Wednesday, September 20, 2017

Blog Semi-Hiatus

Hello everyone, I've been pretty busy with university and this semester I have to be ever more focused so I decided to take a semi-hiatus. That just means there will be less articles coming out each month. For example, instead of the usual 4 article per month, it will go down to 1-2 articles. I'll get back to normal uploads in December-January. I also write for so you can check me there for new articles about J-pop/Anime.

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Tuesday, September 12, 2017

Tateyama Kurobe Alpine Route (館山黒部アルペンルート)

The Tateyama Kurobe Alpine Route (館山黒部アルペンルート) is a unique and spectacular route through the Northern Japan Alps which is traversed by various means of transportation including cablecars, trolley buses and a ropeway. Completed in 1971, the route connects Toyama City in Toyama Prefecture with Omachi Town in Nagano Prefecture. The section between Tateyama Station and Ogizawa is closed to private vehicles. It is completely inaccessible from December to mid April.

The main attraction of the Tateyama Kurobe Alpine Route is the magnificent scenery of the Tateyama Mountain Range, part of the Chubu Sangaku National Park. Visitors can enjoy varying vistas during different seasons of the year. In spring, accumulated snow, especially around the upper sections of Midagahara and Murodo, form a majestic snow corridor whose snow walls reach up to 20 meters high. A section of the snow corridor around Murodo is open to pedestrians usually from mid April to mid June.

Summer and autumn attract visitors with beautiful landscapes, alpine flowers (especially around June through August) and autumn leaves. The fall colors typically reach their best around Murodo and Daikanbo from late September to early October, and they gradually descend the mountain slopes, arriving at the lower elevations from late October to early November.

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Saturday, September 2, 2017

Matsumae (松前)

 Matsumae (松前) is a former castle town just west of Cape Shirakami, the southernmost point of Hokkaido. Only 20 kilometers across the Tsugaru Strait from Aomori, Matsumae was the northern limit of Japan during the Edo Period and the sole feudal fief on the otherwise wild, untamed frontier of Hokkaido. The prosperous town attracted merchants engaged in the shipping trade, and was protected by a garrison at Matsumae Castle, the only Japanese style castle to have been built on Hokkaido.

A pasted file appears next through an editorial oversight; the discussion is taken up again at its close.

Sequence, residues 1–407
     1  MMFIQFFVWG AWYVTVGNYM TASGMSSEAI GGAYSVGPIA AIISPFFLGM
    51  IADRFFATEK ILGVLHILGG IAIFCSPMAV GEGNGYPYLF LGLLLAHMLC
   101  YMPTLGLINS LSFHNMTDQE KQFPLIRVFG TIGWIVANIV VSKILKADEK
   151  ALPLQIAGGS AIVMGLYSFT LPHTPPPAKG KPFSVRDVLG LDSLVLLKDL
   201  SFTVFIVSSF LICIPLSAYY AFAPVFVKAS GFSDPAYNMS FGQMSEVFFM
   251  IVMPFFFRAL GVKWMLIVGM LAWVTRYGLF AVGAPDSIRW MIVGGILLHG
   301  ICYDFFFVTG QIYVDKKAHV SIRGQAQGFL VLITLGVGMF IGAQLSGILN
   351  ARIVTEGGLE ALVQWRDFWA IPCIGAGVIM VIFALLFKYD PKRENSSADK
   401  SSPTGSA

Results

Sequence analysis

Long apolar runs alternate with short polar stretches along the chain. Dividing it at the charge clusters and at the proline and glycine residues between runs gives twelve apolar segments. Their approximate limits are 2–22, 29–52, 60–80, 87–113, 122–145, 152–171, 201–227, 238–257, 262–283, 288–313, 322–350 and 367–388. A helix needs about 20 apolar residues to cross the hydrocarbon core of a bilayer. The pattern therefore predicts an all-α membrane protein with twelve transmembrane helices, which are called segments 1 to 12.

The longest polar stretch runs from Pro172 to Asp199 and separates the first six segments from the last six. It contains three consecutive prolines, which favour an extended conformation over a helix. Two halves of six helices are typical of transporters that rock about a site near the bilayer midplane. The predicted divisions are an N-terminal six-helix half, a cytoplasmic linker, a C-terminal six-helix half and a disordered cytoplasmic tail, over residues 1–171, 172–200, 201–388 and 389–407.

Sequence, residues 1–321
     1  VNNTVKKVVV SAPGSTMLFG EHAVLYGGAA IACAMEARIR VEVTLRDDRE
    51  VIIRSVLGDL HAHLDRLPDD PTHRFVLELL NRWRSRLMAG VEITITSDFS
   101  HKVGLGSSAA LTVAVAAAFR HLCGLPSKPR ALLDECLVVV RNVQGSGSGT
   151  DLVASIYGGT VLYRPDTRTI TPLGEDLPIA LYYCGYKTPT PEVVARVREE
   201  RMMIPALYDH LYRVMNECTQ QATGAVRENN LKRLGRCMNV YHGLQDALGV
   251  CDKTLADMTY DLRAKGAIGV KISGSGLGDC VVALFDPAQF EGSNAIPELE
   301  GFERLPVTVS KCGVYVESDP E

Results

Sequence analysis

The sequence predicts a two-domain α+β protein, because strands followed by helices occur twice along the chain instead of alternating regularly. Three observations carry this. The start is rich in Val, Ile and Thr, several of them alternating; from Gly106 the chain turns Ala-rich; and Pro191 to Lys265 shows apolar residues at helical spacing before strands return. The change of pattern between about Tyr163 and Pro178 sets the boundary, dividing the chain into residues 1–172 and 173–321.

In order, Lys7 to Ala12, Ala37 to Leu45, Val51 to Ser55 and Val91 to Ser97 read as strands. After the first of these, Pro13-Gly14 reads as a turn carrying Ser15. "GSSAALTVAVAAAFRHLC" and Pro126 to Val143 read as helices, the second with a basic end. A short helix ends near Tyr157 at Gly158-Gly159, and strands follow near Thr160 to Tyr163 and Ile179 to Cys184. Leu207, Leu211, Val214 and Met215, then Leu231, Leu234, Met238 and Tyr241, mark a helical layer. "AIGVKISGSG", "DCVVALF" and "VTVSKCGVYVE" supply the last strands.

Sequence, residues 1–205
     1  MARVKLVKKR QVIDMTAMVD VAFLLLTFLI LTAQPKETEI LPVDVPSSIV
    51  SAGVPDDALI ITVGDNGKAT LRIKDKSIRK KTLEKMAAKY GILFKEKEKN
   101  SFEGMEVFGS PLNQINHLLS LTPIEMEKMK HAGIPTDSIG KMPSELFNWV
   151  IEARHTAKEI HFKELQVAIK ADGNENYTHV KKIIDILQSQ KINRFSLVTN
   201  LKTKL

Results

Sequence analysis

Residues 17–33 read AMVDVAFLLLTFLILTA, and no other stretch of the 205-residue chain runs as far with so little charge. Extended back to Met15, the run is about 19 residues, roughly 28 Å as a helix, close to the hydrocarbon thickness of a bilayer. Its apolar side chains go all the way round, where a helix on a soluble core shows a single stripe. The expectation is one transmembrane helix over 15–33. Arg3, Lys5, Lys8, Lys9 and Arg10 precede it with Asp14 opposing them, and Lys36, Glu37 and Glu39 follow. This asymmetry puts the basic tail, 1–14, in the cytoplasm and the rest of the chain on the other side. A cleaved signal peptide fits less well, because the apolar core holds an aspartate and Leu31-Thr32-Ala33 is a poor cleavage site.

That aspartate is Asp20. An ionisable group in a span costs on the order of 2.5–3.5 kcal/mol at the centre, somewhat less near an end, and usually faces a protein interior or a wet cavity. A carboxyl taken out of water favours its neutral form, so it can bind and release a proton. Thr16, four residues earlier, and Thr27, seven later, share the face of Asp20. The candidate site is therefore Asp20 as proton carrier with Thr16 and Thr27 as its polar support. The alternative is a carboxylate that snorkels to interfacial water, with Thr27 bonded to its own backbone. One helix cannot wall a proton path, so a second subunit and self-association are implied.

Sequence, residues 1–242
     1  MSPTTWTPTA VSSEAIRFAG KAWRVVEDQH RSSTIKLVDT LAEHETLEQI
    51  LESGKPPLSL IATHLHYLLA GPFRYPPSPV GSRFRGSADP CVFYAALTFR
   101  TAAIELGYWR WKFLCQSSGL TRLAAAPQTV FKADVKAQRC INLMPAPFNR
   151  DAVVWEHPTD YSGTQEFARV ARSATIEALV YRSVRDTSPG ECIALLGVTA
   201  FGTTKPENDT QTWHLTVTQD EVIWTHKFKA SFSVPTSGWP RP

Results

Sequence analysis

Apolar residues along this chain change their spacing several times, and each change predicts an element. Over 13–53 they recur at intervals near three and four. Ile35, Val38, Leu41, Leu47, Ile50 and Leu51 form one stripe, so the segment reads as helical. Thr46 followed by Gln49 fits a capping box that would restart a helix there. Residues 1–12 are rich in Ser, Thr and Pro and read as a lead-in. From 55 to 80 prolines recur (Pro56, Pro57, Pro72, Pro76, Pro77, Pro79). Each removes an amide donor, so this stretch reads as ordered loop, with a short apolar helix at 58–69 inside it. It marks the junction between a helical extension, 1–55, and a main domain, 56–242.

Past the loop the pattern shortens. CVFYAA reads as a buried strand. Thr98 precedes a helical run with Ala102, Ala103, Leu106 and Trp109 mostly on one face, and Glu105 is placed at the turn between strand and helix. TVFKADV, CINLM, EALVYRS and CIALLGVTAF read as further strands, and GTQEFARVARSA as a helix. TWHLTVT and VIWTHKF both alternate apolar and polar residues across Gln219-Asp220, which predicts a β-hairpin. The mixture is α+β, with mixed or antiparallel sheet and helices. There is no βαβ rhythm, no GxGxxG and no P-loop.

Built on a hillside vantage point, Matsumae Castle (also known as Fukushima Castle) cemented a foothold on Hokkaido from where to tap the island's abundant natural resources. Toward the end of the Edo Period, the castle was outfitted with cannon to counter the threat of foreign ships. As with many Japanese castles, Matsumae Castle's original keep was destroyed several times over the centuries. The current three story high structure is a modern concrete reconstruction from the early 1960s which houses a local history museum displaying a selection of artifacts of the local Matsumae clan, including some items related to the Ainu.
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Saturday, August 26, 2017

Kinkakuji (金閣寺)

Kinkakuji (金閣寺) is a Zen temple in northern Kyoto whose top two floors are completely covered in gold leaf. Formally known as Rokuonji, the temple was the retirement villa of the shogun Ashikaga Yoshimitsu, and according to his will it became a Zen temple of the Rinzai sect after his death in 1408. Kinkakuji was the inspiration for the similarly named Ginkakuji (Silver Pavilion), built by Yoshimitsu's grandson, Ashikaga Yoshimasa, on the other side of the city a few decades later.

Kinkakuji 2004-09-21.jpg

Kinkakuji is an impressive structure built overlooking a large pond, and is the only building left of Yoshimitsu's former retirement complex. It has burned down numerous times throughout its history including twice during the Onin War, a civil war that destroyed much of Kyoto; and once again more recently in 1950 when it was set on fire by a fanatic monk. The present structure was rebuilt in 1955.

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Thursday, August 17, 2017

Shinyokohama Ramen Museum

The "Shinyokohama Ramen Museum" is a unique museum about ramen, a very popular Japanese noodle dish which was originally introduced from China.

In a gallery on the first floor, the Ramen Museum presents the history of ramen noodles in Japan, including the big success of instant ramen. It displays the variety of noodles, soups, toppings and bowls used across Japan, and shows how the noodles are made.

On the two basement floors, visitors can explore a 1:1 replica of some streets and houses of Shitamachi, the old town of Tokyo, of around the year 1958, when the popularity of ramen was rapidly increasing. Nine ramen restaurants can be found there, each featuring a ramen dish from a different region of Japan.

For visitors who wish to try multiple ramen dishes, every store offers "mini ramen", a small portion of the feature dish. Tickets for the meals are purchased at vending machines in front of each stores before entering.
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Thursday, August 10, 2017

Okayama (岡山)

Okayama (岡山) is the capital of Okayama Prefecture, and the largest city in the Chugoku Region after Hiroshima. The city is an important transportation hub, being the location where the Sanyo Shinkansen meets with the only rail connection to Shikoku. The city developed as a castle town during the Edo Period (1603-1867) and became a significant regional power.